Recruitment industry can be part of welfare reform discussion

The Department of Work and Pensions has this week unveiled a consultation on proposals to move away from fixed cash benefit system towards tailored support.
June 25, 2024
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The consultation, which will last for 12 weeks, comes as over 2.6m people of working age now receive Personal Independence Payment (PIP), with monthly new claims almost doubling since 2019.

Plans to make the disability benefits system fit for the future and overhaul the ‘one-size-fits-all’ approach were published yesterday [Monday 29 April], following Prime Minister Rishi Sunak’s speech setting out the government’s wide-ranging ambitions for welfare reform.

“The Modernising Support Green Paper will explore how our welfare system could be redesigned to ensure people with disabilities and long-term health conditions get the support they need to achieve the best outcomes, with an approach that focuses support on those with the greatest needs and extra costs,” the government said in a statement.

“The UK’s health landscape has changed since PIP was introduced in 2013 with the intention that it would be a more sustainable benefit that would support disabled people to live independently by helping with the extra costs they face.”

However, the government said, the caseload and costs are now spiralling. There are now 2.6m people of working age claiming PIP and DLA (Disability Living Allowance) – with 33,000 new awards for PIP each month, which is more than double the rate before the pandemic. This is expected to cost the taxpayer £28bn a year by 2028/29 – a 110% increase in spending since 2019.

“This is in part fuelled by the rise in people receiving PIP for mental health conditions such as mixed anxiety and depressive disorders, with monthly awards doubling from 2,200 to 5,300 a month since 2019,” the government said.

Among the considerations to be looked at are whether some people could receive PIP without needing an assessment by basing entitlement on specific health conditions or disabilities supported by medical evidence.

This includes looking at whether evidence of a formal diagnosis by a medical expert should be a requirement to be assessed as eligible for PIP. “This will make it easier and quicker for people with severe or terminal conditions to get the vital support they need,” the government said.

The UK has used a fixed cash transfer system since the 1970s but the government cited a number of international systems that look at the specific extra costs people have and provide more tailored support instead.

For example, in New Zealand, the amount of Disability Allowance is based on a person’s extra costs, which are verified by a health practitioner. Norway’s Basic Benefit requires people to provide a letter from a GP outlining the nature of their condition and the associated extra costs.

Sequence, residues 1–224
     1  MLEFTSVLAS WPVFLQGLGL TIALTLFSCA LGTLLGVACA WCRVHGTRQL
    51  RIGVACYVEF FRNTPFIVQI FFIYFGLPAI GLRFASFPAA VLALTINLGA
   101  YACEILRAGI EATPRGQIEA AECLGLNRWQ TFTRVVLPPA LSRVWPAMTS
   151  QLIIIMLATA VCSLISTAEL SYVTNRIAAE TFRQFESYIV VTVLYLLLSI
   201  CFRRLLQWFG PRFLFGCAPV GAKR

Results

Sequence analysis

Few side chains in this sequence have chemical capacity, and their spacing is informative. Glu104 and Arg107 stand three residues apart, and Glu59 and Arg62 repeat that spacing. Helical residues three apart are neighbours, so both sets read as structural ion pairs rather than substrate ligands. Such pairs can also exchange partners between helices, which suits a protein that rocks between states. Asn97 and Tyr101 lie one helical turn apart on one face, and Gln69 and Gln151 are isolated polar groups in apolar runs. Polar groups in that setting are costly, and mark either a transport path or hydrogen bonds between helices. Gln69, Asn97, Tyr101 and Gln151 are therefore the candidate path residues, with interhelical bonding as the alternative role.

“We are considering options including one-off grants to better help people with significant costs such as home adaptations or expensive equipment, as well as giving vouchers to contribute towards specific costs, or reimbursing claimants who provide receipts for purchases of aids, appliances or services.

“This reflects the fact that some claimants will have significant extra costs related to their disability, and others will have minimal or specific costs,” the government said.

Commenting on the Work and Pensions secretary Mel Stride’s plan for major welfare changes, REC deputy CEO Kate Shoesmith said: “Growth comes from a well-functioning labour market. A deeper discussion about welfare should be part of long overdue efforts by government to draw up a coherent and realistic workforce plan for the UK that helps overcome acute labour shortages in many sectors.

“But getting people well enough to work means providing them with a combination of a financial cushion when they aren’t well enough to look for or be in work, investing in the NHS and its staff to reduce waiting times for mental health treatment, together with the kind of talking therapy the government has outlined.

“Employers also have a key role to play in how they support their teams and new recruits. Recruiters frequently advise employers on the benefits and conditions that make them an attractive employer, and flexible working arrangements are often cited as the most important.

“Tougher sanctions regimes are only really going to work with the appropriate enhanced employment support that leads to more employment opportunities – not just a lower welfare bill. Evaluating and then building on public-private partnerships, like the Restart scheme, could help, and the recruitment industry stands ready to work with the policymakers on programmes that really help people achieve their potential in a changing labour market.”

The consultation – ‘Modernising support for independent living: the health and disability green paper’ – will be open for 12 weeks and views are invited from across society.

The findings of the consultation, which closes on Tuesday 23 July, will inform future reforms, the government said. In Wales, PIP is the responsibility of the UK Government. In Northern Ireland, PIP is transferred and is the responsibility of the Department for Communities. In Scotland, Adult Disability Payment (ADP) has replaced PIP and is the responsibility of the Scottish Government. The transfer of existing Scottish PIP claimants from DWP to Social Security Scotland started in summer 2022 and will continue until 2025.

Original Article: Recruiter

Empowering potential, connecting talent, transforming futures. For all your recruitment challenges – contact our HR & digital recruitment specialist Gareth Allison on 02920 620702

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